Wisconsin State Horticultural Society / Annual report of the Wisconsin State Horticultural Society for the year 1910
Volume XL, Part II (1910)
Hatch, A. L.
The Door County fruit district, pp. 212-214 PDF (995.3 KB)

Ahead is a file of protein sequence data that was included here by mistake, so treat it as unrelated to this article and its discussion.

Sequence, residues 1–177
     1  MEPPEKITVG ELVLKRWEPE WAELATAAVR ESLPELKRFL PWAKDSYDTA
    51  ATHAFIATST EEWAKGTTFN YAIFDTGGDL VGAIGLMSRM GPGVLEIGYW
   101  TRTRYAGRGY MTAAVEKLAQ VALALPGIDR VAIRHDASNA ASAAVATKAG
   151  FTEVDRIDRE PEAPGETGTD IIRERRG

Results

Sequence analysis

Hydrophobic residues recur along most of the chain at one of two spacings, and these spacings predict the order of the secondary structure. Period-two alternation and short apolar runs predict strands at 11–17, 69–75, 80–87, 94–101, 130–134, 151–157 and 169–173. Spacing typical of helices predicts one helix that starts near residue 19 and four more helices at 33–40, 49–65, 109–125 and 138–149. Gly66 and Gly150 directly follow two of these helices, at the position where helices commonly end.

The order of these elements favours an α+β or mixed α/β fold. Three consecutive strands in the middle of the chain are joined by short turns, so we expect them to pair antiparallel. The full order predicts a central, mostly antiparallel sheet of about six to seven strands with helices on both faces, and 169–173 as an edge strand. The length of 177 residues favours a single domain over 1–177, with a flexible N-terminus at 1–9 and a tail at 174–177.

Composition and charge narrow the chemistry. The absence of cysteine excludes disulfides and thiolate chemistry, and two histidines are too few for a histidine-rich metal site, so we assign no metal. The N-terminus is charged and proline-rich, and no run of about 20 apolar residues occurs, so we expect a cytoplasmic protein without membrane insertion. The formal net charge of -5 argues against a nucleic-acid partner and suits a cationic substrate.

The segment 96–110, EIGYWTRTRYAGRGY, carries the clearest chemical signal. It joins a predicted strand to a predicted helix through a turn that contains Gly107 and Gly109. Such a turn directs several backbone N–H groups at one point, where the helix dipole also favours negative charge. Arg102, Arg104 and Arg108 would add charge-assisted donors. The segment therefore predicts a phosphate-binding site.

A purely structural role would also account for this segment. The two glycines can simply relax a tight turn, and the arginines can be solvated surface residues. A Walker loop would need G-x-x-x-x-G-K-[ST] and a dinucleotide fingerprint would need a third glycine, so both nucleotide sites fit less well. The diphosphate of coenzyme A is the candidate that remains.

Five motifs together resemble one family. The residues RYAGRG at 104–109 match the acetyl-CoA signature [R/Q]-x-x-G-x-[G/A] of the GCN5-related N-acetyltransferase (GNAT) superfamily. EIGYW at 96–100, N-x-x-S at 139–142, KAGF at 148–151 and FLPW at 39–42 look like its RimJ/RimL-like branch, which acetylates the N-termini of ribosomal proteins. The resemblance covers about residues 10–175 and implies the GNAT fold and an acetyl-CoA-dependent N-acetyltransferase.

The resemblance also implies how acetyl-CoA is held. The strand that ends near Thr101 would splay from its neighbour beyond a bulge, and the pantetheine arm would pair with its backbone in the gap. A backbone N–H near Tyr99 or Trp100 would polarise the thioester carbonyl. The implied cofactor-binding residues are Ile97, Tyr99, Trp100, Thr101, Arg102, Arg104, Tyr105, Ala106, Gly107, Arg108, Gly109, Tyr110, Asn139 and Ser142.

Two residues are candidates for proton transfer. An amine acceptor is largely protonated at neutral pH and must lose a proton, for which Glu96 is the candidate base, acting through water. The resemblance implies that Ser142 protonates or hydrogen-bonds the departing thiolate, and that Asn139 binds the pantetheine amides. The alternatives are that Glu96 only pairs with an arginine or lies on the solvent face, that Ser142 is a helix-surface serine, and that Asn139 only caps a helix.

WINTE MEETING. 213 great capacity to endure frost if it should occur. Not only is the bloom thus made hardy but the severest cold to which trees are subjected is abated in such a way that no injury results. These conditions are brought about by the influence of the lake and bay water upon the climate. And these influences are per- manent and reliable-something to be always counted on as a factor in fruit culture here. Another asset of this water influence upon the climate is its effect upon the character and quality of the fruit itself. This is very markedly shown in the keeping and shipping quality of the fruit grown here. Never subjected to the long continued and high temperatures of regions south and inland the fruit of all kinds has a firmer and better texture usually that adds very much to its life and capacity to endure shipment without hurt. Of -all the cherries, for instance, that I have grown here, amounting to several thousand bushels, I do not remember any loss from fail- ure to hold up in shipment. Any variety of apple that we grow will keep much longer than the same variety grown elsewhere in Wisconsin. Not only can we end the market with Duchess and Wealthy when others have done, but we can furnish such sorts as Snow apples in fine condition well into winter. And still more we have some kinds that will keep till spring as sound as desired. These facts point to a fine field of profitable apple culture that is now beginning to attract some attention. The soils of Door county peninsula are founded upon Niagara limestone. Both in the pine and hardwood region it is a very valuable factor for fruit growing. When properly selected es- pecially with reference to depth above the bed rock, subsoil and exposure, it ranks well with that of any other region. Here clover and all grasses thrive finely, assuring the conditions to secure desired humus and soil enrichment. The first commercial planting of the cherry was made in 1896-8 by myself and the late Prof. E. S. Goff of Madison, Wis. In the latter year I induced Mr. A. W. Lawrence to plant five acres and from the success of these and other orchards the possibility of very profitable cherry growing has been fully demonstrated. Ever since the trees were large enough to bear they have borne paying crops, the combined crop of last season amounting to over seven thousand crates or about 13 carloads. For a series of five or six years the average net returns would capitalize the land at over $3,000 per acre. There is promise of some younger U I I U I I U I I U I I U I I U I I U I I U I I U I I i
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